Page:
One night, when I was lying in shavasana, I found my consciousness rising up with terrible speed. I was aware of both realms - the external realm of ego and the internal realm which was making the whole fun and game being played with me. I was aware of both realms and even of the distance (you know, if you are floating up in the air your body is aware of the distance). It must have been for a very short time.
When I came down again, my whole body was perspiring and my heart was throbbing so fast that I could not manage it. I tried to lie on my left side, my right side, my chest, and my back, and to breathe deeply, but nothing helped. Then suddenly, that man in white arose again from the platform and just said, 'You stay here'. I got up in a great hurry - frightening! If a dead man or a ghost tells you to stay where you are, what are you going to do? Your heart fails. He spoke tame in beautiful Urdu (an Indian language). I thought, 'This is not a very safe place for me', and I left.
Earlier in my life, both before I became a sannyasin and after, part of my life was purely intellectual. I often wondered why man is born and why he should live. I was too intellectual. I didn't understand what business God had asking me to praise him. These were the kinds of confusing thoughts I was trying to solve.
Later, however, when I came to the point of experience, my whole mind changed. I began to see the whole thing in the context of man's total awareness, not just my own awareness. You see, a guru, a teacher, or even a mother has to see things in their full context.
Anything is right, and anything is wrong, because everything is born from man's deeper existence. External perceptions, sense experiences' and objective knowledge ultimately come from the very depths of your existence. I am not using the word 'mind'. Beyond the mind is consciousness, and beyond consciousness is existence which is satchidananda. Existence has no categories. Mind comes much later in the process of evolution, in cosmogony.
It is always true that we have individual minds, but in reality we are interconnected, like these fans. They are different, but somewhere there is an energy link which is one and the same energy. Our minds are also different, the samskaras and structure are different, but the energy which flows from one mind to another is always interlinked. It is there all the time.
Now, Ganga Darshan became very important for me. I came again and again, every time with greater determination not to allow my mind to go deep and realise the separate reality and see it outside.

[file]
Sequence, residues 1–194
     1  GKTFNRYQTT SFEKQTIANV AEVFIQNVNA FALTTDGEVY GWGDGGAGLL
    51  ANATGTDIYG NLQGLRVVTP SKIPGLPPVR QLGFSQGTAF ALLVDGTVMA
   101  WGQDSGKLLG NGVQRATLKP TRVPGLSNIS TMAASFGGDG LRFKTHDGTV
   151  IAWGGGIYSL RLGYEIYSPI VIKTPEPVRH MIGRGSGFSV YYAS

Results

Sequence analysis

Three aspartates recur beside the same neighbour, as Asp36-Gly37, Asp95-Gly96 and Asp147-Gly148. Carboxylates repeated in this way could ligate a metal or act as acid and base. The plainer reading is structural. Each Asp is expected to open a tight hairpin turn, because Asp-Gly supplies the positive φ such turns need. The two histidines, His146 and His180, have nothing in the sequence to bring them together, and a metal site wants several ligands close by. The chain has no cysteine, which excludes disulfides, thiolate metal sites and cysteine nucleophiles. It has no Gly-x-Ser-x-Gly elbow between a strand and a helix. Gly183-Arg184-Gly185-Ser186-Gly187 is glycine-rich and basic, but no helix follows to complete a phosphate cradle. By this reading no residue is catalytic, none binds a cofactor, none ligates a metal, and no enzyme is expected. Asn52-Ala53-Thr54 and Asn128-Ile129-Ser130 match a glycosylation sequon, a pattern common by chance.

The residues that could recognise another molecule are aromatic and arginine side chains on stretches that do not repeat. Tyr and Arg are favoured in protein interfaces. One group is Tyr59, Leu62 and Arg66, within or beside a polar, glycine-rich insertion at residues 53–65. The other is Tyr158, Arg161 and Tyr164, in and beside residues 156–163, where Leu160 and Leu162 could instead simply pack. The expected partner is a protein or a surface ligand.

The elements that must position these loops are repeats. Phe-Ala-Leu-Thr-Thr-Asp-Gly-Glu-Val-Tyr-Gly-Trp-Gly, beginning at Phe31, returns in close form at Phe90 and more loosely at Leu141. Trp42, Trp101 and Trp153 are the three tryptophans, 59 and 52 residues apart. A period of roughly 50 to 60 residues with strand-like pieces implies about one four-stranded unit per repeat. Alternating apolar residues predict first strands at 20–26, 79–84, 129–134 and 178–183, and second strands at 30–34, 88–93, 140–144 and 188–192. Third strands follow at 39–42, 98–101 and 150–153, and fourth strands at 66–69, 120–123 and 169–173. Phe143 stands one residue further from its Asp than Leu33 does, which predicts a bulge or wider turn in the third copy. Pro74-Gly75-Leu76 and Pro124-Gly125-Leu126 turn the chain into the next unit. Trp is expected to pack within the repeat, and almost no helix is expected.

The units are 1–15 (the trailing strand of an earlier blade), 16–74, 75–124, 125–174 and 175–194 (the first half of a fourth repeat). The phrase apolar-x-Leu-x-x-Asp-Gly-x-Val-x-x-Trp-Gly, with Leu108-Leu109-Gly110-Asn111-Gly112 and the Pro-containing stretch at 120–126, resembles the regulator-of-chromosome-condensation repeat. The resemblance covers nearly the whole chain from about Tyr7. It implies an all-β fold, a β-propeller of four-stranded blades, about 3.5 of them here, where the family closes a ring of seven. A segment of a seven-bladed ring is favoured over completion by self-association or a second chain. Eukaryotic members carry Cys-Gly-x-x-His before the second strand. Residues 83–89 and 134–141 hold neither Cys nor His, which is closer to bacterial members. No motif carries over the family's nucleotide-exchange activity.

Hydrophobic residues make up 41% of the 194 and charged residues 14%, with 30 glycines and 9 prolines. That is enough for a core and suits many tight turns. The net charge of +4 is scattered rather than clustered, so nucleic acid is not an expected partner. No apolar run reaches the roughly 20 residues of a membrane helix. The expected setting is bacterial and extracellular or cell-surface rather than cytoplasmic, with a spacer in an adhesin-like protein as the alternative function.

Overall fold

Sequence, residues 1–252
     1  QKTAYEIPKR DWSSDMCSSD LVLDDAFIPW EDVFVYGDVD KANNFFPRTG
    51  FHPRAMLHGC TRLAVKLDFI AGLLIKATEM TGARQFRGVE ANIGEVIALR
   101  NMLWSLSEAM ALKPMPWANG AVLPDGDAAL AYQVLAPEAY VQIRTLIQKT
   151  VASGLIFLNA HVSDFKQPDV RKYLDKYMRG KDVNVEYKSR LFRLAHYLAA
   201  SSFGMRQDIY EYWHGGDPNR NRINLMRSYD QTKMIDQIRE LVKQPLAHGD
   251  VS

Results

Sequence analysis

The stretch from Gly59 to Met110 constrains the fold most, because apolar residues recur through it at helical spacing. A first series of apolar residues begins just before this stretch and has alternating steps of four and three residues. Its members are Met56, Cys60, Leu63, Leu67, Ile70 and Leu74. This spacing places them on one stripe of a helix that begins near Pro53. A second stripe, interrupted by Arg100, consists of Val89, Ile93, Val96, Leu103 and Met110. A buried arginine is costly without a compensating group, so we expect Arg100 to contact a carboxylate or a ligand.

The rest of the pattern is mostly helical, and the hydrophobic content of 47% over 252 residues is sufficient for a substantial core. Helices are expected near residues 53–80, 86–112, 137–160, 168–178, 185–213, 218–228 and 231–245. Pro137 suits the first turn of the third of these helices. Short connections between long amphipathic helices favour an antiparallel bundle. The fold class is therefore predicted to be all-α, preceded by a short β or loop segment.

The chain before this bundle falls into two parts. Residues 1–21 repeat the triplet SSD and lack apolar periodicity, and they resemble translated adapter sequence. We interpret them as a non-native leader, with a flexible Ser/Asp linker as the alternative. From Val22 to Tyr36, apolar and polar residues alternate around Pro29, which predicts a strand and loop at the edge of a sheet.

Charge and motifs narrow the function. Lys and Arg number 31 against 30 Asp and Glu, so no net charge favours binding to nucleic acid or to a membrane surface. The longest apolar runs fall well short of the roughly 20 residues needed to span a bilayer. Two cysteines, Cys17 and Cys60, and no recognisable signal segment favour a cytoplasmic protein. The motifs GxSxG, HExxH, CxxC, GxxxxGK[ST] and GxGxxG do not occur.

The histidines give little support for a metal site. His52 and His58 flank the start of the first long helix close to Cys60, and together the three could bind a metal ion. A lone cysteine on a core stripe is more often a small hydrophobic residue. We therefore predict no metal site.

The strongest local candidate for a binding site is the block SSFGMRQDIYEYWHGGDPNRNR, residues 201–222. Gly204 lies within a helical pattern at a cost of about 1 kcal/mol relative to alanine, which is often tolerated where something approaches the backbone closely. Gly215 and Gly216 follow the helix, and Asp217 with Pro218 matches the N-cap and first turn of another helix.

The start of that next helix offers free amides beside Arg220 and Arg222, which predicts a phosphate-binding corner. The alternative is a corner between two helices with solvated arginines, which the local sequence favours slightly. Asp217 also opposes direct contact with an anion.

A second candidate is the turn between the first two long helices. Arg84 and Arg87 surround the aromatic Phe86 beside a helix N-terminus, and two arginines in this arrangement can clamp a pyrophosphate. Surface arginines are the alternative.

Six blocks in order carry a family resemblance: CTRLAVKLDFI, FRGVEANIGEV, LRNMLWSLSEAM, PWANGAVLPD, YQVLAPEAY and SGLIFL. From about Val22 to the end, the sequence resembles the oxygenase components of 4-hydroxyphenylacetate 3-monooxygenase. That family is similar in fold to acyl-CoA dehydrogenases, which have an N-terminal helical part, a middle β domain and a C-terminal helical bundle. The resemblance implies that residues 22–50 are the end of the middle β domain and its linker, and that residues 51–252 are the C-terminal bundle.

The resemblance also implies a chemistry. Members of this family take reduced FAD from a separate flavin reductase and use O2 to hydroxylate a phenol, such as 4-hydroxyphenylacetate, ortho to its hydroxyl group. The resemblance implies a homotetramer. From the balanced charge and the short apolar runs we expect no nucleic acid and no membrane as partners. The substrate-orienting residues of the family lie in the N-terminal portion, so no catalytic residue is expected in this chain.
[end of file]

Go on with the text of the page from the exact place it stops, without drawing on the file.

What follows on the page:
There is a famous book, 'Ramacharitamanas', which is known to most Hindus. When Tulsidas, its author, was alive, he used to live in Chitrakoot because it was sanctified by Sri Rama during his exile, Tulsidas was an ordinary brahmin and not very rich so, for a living, he made and applied sandal paste for pilgrims for one or two anna (small coins). One day a bright young man appeared before him. As Tulsidas looked at him and applied the tilak, he knew at once that he was Sri Rama because the figure changed. It was carrying a bow and arrow and the hands reached to the knees. (Rama is known as Ajanu Bahu - one whose hands reach to the knees.) You know, the complexion of Sri Rama was that of a blue lotus; he was not fair. The moment Tulsidas went to touch Sri Rama's feet, the figure disappeared.
That is called 'darshan', and Hindus, the shastras and Vedas and everybody in the Vedic tradition believes that we can have the darshan of our 'ishta devata' and this is the ultimate aim of man's incarnation. 'Darshan' means seeing Him face to face. Even if there is no God, if you can see the nucleus of your existence face to face you are the greatest of men.
Everybody cannot do it. We cannot even see our complexes, character or personality. If we could go deeper and deeper still, beyond ego, to the point of existence, the nucleus of our existence, to what we are; if we could see it outside as an object, form of reality, and visualise it face to face with eyes open, that would be our greatest achievement. Yoga, tantra, karma, shastras, niyama and yama are being taught for that one purpose and nothing else, because we are not worried about a social order like many other religions of the past, present and future.
After these experiences in Munger, on 14th July 1963 I had another inner awakening. I did not know which dimension I was on. (I am not using the word 'darshan' now.) I was sleeping but, during sleep, my consciousness transcended the barrier of present physical experience and I was in Rishikesh, on the banks of the Ganga. A small motor launch was crossing over to Swargashram to the sound of trumpets, conches and bells. On a chair, looking towards Swargashram was Swami Sivananda. He turned and glanced at me for a split second and instantly the flywheel of the motor launch sprinkled me with water and I awoke.
I got up and for some time, (I do not know for how long) it was very difficult for me to know whether I was in Rishikesh or dreaming in Munger. At first I thought I was in Rishikesh, seeing Swami Sivananda and then had started dreaming of Munger and the experience of this consciousness became almost intolerable. Then gradually. I controlled myself and thought and thought until I realised that I was in Munger.
The inner experience was so clear. It was not a dream. It was happening as if I left this planet to go to the moon to meet Swami Sivananda - so clear and tangible, so fresh and so true.
These painful, difficult and frightening experiences used to come to me whenever I came here. That is the reason why, in 1968, I asked the owner of this property for this piece of land so I could stay here and have more madness. He wouldn't agree at that time, but ten years later we obtained it.